But Khamenei also continued to give speeches larded with denunciations of “enemies” and “the Great Satan”, words aimed at reassuring hardliners for whom anti-U.S. sentiment has always been central to Iran's Islamic revolution.
Paradoxically, engagement with the international community, which will improve Iranian people's lives, is likely to cement the hardliners' grip on power.
Rowhani, who has been part of the establishment for decades, has said he wants to bring change after winning a landslide election in June on a progressive platform, but history gives little encouragement.
He is not the first president with a reform agenda to serve under Khamenei, who took over as leader in 1989 from Ayatollah Ruhollah Khomeini.
When Mohammed Khatami was in power from 1997 to 2005, Khamenei initially allowed a relaxation of Iran's strict regulation of social and political freedom, but eventually saw demands for change as a threat.
“The supreme leader is likely to have little patience for adventurist behavior by Rowhani,” said Meir Javedanfar, politics lecturer at the Interdisciplinary Centre in Herzliya.
Little is known about the details of regular weekly meetings between Rowhani and Khamenei, but Karim Sadjadpour, an Iran expert at the Carnegie Endowment for International Peace, said Rowhani's own history suggests there is little reason to suspect he has the stomach to push Khamenei.
“Throughout Rowhani's entire political career, prior to becoming president, whenever there was an opportunity to stand for civil liberties and popular will, he has always sided with the governmental repression,” said Sadjadpour.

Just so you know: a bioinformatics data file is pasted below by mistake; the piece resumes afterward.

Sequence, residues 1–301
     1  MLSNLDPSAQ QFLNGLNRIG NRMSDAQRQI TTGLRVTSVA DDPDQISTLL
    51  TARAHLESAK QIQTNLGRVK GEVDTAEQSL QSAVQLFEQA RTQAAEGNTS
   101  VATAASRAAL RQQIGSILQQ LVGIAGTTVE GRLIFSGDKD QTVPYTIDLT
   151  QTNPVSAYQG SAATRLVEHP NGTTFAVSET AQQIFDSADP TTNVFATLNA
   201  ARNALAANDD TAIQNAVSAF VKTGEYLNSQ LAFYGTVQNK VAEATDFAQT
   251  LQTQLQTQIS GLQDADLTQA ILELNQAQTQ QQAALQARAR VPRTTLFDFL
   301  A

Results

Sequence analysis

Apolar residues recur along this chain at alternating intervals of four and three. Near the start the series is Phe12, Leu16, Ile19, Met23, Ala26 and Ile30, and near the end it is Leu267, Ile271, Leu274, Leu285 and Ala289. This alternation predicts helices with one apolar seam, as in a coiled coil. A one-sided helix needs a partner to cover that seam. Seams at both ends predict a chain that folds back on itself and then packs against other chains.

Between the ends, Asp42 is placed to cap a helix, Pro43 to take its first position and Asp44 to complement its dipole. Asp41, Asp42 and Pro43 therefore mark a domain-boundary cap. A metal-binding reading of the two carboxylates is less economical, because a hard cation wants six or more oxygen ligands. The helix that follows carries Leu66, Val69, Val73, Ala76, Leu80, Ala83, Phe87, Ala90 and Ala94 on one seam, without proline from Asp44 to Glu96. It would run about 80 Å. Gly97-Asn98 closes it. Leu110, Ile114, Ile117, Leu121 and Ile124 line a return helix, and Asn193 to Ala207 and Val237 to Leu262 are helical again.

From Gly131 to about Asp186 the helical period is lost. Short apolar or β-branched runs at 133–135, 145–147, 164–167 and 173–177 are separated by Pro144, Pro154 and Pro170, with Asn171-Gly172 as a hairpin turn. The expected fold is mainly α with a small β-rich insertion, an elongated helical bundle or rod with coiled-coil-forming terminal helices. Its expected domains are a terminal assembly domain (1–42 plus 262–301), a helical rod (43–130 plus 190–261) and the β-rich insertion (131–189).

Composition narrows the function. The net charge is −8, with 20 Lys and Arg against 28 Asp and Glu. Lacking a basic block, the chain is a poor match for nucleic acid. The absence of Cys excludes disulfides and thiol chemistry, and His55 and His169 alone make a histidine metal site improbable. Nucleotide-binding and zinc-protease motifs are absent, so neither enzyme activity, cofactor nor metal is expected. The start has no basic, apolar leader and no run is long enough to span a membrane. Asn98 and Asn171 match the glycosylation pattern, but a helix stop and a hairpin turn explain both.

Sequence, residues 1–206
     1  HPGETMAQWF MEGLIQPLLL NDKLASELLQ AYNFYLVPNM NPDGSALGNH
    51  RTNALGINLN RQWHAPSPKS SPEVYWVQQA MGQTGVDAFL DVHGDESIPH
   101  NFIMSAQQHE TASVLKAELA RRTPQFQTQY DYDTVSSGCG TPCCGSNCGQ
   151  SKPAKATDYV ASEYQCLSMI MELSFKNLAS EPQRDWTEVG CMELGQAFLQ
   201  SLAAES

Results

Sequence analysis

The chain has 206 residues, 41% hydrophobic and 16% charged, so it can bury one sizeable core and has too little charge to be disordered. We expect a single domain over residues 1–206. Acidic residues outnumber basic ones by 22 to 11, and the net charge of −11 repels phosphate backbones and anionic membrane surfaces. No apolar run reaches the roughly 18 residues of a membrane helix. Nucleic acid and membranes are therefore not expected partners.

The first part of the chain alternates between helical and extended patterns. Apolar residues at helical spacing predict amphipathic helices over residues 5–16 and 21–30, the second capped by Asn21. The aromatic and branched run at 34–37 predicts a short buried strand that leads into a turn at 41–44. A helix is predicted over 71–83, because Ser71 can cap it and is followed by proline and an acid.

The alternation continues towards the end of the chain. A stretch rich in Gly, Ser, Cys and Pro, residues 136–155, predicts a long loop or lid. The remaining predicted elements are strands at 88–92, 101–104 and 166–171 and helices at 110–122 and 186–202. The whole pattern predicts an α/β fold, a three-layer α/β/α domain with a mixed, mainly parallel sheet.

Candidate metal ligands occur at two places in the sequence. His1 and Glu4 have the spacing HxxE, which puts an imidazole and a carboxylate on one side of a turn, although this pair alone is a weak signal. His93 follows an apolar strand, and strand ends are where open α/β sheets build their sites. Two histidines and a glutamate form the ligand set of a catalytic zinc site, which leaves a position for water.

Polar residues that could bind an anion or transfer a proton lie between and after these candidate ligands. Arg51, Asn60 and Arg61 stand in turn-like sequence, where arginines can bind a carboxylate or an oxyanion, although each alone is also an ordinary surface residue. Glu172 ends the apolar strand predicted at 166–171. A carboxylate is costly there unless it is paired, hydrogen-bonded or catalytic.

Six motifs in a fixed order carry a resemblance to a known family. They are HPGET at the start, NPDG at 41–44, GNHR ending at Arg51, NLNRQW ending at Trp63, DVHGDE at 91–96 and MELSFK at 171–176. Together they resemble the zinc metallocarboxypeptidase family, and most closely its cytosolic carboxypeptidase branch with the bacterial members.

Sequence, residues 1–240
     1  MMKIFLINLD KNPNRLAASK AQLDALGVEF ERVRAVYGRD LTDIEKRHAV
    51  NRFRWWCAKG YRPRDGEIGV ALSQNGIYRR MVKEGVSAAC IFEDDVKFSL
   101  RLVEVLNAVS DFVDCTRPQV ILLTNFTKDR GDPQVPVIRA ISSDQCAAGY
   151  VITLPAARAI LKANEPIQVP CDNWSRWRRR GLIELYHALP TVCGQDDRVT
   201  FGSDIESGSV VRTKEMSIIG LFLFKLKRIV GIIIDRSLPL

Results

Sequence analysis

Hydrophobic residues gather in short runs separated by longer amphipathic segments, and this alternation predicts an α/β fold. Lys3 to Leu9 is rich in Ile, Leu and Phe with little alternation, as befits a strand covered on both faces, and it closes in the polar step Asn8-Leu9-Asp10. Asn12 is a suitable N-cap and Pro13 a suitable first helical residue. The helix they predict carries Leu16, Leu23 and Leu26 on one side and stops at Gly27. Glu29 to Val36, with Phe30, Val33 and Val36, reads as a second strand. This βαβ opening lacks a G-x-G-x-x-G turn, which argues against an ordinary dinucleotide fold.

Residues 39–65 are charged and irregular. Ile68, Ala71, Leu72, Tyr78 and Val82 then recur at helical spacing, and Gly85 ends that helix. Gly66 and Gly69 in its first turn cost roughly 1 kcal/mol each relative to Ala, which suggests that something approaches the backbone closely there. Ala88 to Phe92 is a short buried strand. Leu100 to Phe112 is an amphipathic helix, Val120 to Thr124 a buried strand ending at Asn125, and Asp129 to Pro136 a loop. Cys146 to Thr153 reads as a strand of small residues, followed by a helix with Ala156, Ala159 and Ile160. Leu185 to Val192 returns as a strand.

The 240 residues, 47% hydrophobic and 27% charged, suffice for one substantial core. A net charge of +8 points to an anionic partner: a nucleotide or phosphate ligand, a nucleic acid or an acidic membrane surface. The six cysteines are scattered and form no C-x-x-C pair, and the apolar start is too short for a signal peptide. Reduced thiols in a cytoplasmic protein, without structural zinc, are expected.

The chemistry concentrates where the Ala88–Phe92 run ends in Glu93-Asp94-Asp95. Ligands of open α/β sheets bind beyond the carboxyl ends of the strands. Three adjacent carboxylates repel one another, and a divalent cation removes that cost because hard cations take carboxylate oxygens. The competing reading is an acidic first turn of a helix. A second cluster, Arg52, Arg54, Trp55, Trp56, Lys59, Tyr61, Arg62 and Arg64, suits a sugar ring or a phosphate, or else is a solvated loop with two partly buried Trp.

Rowhani will also know that seeking detente with the West has only just begun and will require the continuing support of Khamenei if it is to proceed further.
“In terms of foreign policy the current situation is likely to call for more flexibility, meaning more room for maneuver for Rowhani. In terms of domestic policy, cohesion and consolidation is needed, and this will mean less room for maneuver,” said Javedanfar.
That will mean endless frustration for those who hoped for change.
“I don't know much about politics, but I voted for Rowhani to have more freedom. But I only hear empty words,” said university student Azin Ghayumi. “My father says Iran's image in the world has improved, but why should I care, when I am not connected to the world?”
It has also changed the travel plans of dissident exiles who thought of returning under Rowhani.
The hope of change is vanishing among the opposition abroad, said one, and more success in foreign policy means more pressure inside the country.
Ebrahim Nabavi, a twice-jailed writer and satirist, and Nazak Afshar, who left after being arrested in the 2009 protests, told Reuters last year they planned to return, but they remain overseas.
Ziba, who used to work for a pro-reform newspaper before fleeing Iran in 2007 after she was detained briefly over articles she wrote, has also abandoned her plans. She asked not to give her surname.
“I was so happy for Rowhani's victory. I told my husband that we should return home, but we had to wait for a few months because of my university term,” she said.
“And I am happy that we did not go back. I hear from my former colleagues that the situation has not improved, and people like me can be put in jail upon their arrival at the airport,” she said.
“Rowhani is just a front. The main man is Khamenei, and he has not changed. He does not believe in reforms,” said the first exile.